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Social preferences in the online laboratory.A randomized experiment

  • Jérôme Hergueux

    ()

    (LaRGE Research Center, Université de Strasbourg)

  • Nicolas Jacquemet

Internet is a very attractive technology for experiments implementation, both in order to reach more diverse and larger samples and as a field of economic research in its own right. This paper reports on an experiment performed both online and in the laboratory, designed so as to strengthen the internal validity of decisions elicited over the Internet. We use the same subject pool, the same monetary stakes and the same decision interface, and randomly assign two groups of subjects between the Internet and a traditional University laboratory to compare behavior in a set of social preferences games. This comparison concludes in favor of the reliability of behaviors elicited through the Internet. Our behavioral results contradict the predictions of social distance theory, as we find that subjects allocated to the Internet treatment behave as if they were more altruistic, more trusting, more trustworthy and less risk averse than laboratory subjects. Those findings have practical importance for the growing community of researchers interested in using the Internet as a vehicle for social experiments and bear interesting methodological lessons for social scientists interested in using experiments to research the Internet as a field.

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Paper provided by Laboratoire de Recherche en Gestion et Economie (LaRGE), Université de Strasbourg in its series Working Papers of LaRGE Research Center with number 2012-10.

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Date of creation: 2012
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Handle: RePEc:lar:wpaper:2012-10
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  1. Dohmen, Thomas J. & Falk, Armin & Huffman, David & Sunde, Uwe & Schupp, Jürgen & Wagner, Gert G., 2009. "Individual risk attitudes: Measurement, determinants and behavioral consequences," Munich Reprints in Economics 20049, University of Munich, Department of Economics.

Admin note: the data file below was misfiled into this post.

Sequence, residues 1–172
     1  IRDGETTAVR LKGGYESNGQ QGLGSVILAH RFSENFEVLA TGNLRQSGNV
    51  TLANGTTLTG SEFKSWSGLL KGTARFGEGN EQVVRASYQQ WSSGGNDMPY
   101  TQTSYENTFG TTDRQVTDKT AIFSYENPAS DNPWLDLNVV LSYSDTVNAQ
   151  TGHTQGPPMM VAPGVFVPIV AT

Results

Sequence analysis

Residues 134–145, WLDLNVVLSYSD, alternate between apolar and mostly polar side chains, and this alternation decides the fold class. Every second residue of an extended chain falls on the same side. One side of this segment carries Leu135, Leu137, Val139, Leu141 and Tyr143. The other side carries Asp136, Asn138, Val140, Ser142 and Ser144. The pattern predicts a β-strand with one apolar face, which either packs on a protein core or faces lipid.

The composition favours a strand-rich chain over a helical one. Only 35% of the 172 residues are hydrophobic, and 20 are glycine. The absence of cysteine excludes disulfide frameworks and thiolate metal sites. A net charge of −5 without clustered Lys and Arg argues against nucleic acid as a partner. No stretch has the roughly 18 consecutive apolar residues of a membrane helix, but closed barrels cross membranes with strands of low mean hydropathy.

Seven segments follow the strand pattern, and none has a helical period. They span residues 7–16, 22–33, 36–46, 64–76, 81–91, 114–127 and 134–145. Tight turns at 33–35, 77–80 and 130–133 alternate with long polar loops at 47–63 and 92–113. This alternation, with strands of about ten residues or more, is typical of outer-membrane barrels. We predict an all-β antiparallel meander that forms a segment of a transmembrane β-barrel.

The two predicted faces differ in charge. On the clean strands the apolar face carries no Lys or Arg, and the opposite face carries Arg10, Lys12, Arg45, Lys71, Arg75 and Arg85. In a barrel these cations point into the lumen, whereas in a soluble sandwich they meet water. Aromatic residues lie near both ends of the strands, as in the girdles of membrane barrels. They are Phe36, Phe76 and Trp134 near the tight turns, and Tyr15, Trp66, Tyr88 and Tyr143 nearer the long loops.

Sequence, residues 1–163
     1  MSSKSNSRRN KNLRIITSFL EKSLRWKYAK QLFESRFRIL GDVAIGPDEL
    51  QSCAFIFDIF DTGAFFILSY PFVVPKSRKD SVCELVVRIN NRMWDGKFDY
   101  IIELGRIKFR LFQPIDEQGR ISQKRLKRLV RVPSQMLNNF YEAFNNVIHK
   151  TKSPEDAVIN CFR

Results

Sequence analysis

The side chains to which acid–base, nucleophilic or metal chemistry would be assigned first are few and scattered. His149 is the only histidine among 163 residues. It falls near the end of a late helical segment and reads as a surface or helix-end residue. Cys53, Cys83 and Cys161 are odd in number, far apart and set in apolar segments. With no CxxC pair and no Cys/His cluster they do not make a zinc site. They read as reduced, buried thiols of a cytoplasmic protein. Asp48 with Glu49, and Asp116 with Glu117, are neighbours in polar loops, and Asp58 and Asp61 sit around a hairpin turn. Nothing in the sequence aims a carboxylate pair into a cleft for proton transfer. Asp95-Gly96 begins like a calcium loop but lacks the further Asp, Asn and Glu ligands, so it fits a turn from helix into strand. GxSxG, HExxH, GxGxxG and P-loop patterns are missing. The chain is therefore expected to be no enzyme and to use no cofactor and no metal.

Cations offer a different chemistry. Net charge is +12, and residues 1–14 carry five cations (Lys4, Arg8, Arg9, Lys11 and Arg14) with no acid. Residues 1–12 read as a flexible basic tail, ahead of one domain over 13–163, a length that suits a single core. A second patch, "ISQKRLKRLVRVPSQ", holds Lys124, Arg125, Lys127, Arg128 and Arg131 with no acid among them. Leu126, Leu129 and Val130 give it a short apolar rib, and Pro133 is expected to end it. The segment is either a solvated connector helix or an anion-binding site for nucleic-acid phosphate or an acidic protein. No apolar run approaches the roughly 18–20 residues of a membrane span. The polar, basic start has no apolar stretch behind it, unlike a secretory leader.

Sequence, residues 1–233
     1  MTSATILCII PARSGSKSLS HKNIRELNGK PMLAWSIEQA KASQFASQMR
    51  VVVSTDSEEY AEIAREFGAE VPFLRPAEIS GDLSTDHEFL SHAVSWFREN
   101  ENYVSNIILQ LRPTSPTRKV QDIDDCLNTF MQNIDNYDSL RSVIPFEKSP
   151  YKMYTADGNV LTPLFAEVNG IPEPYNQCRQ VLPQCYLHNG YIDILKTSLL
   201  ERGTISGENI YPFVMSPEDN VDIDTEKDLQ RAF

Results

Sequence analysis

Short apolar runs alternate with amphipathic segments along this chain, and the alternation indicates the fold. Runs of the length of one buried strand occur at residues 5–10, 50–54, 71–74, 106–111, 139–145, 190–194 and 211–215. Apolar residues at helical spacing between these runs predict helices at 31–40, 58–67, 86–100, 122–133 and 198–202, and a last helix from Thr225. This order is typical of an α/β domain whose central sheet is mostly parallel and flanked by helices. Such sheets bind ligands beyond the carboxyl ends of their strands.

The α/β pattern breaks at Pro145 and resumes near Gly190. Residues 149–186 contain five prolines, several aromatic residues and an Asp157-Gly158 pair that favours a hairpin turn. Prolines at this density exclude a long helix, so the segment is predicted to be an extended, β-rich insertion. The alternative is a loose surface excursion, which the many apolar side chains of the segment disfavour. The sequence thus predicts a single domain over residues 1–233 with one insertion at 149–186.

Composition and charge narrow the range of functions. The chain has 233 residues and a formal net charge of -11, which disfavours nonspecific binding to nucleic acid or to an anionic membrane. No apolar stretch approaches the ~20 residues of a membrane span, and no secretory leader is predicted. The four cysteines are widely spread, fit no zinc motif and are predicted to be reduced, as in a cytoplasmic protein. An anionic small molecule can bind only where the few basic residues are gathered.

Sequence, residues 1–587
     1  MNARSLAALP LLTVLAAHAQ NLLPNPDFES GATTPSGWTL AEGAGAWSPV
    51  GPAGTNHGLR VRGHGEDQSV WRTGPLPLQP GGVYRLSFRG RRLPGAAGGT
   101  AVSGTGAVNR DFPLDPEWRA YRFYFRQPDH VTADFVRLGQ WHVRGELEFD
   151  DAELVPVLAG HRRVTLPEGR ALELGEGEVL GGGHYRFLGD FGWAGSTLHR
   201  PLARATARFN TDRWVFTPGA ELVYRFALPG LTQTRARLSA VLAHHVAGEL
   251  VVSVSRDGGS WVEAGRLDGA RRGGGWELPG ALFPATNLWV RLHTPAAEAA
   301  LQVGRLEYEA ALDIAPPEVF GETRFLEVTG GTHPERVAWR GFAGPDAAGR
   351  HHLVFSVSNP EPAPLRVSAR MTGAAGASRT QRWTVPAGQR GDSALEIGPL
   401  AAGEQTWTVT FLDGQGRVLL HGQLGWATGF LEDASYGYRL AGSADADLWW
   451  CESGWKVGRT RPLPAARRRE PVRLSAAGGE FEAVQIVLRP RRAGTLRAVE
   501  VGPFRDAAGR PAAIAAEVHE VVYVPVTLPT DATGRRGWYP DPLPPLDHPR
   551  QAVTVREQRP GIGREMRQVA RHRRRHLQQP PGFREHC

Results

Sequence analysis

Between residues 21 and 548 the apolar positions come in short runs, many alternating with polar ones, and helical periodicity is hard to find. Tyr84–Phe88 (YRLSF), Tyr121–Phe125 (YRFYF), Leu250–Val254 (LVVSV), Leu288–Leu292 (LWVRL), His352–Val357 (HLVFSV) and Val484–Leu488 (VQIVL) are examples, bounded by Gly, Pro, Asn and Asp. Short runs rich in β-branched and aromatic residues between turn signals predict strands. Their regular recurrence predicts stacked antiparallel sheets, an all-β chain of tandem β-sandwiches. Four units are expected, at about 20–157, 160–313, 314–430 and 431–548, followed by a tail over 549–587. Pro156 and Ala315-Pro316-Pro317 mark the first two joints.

2. Horton, John J. & Rand, David G. & Zeckhauser, Richard, 2010. "The Online Laboratory: Conducting Experiments in a Real Labor Market," Working Paper Series rwp10-017, Harvard University, John F. Kennedy School of Government.
  3. Thomas Chesney & Swee-Hoon Chuah & Robert Hoffmann, 2007. "Virtual world experimentation: An exploratory study," Occasional Papers 21, Industrial Economics Division.
  4. Catherine Eckel & Rick Wilson, 2006. "Internet cautions: Experimental games with internet partners," Experimental Economics, Springer, vol. 9(1), pages 53-66, April.
  5. Greiner, Ben, 2004. "An Online Recruitment System for Economic Experiments," MPRA Paper 13513, University Library of Munich, Germany.
  6. Charness, Gary & Haruvy, Ernan & Sonsino, Doron, 2007. "Social distance and reciprocity: An Internet experiment," Journal of Economic Behavior & Organization, Elsevier, vol. 63(1), pages 88-103, May.
  7. Anderhub,Vital & M�ller,Rudolf & Schmidt,Carsten, 2001. "Design and Evaluation of an Economic Experiment via the Internet," Research Memorandum 016, Maastricht University, Maastricht Economic Research Institute on Innovation and Technology (MERIT).
  8. Fischbacher, Urs & Gachter, Simon & Fehr, Ernst, 2001. "Are people conditionally cooperative? Evidence from a public goods experiment," Economics Letters, Elsevier, vol. 71(3), pages 397-404, June.
  9. Ariel Rubinstein, 2006. "Instinctive and Cognitive Reasoning: A Study of Response Times," Working Papers 2006.36, Fondazione Eni Enrico Mattei.
  10. Shavit, Tal & Sonsino, Doron & Benzion, Uri, 2001. "A comparative study of lotteries-evaluation in class and on the Web," Journal of Economic Psychology, Elsevier, vol. 22(4), pages 483-491, August.
  11. Paul Resnick & Richard Zeckhauser & John Swanson & Kate Lockwood, 2006. "The value of reputation on eBay: A controlled experiment," Experimental Economics, Springer, vol. 9(2), pages 79-101, June.
  12. Charles A. Holt & Susan K. Laury, 2002. "Risk Aversion and Incentive Effects," American Economic Review, American Economic Association, vol. 92(5), pages 1644-1655, December.
  13. Daniel Kahneman, 2003. "Maps of Bounded Rationality: Psychology for Behavioral Economics," American Economic Review, American Economic Association, vol. 93(5), pages 1449-1475, December.
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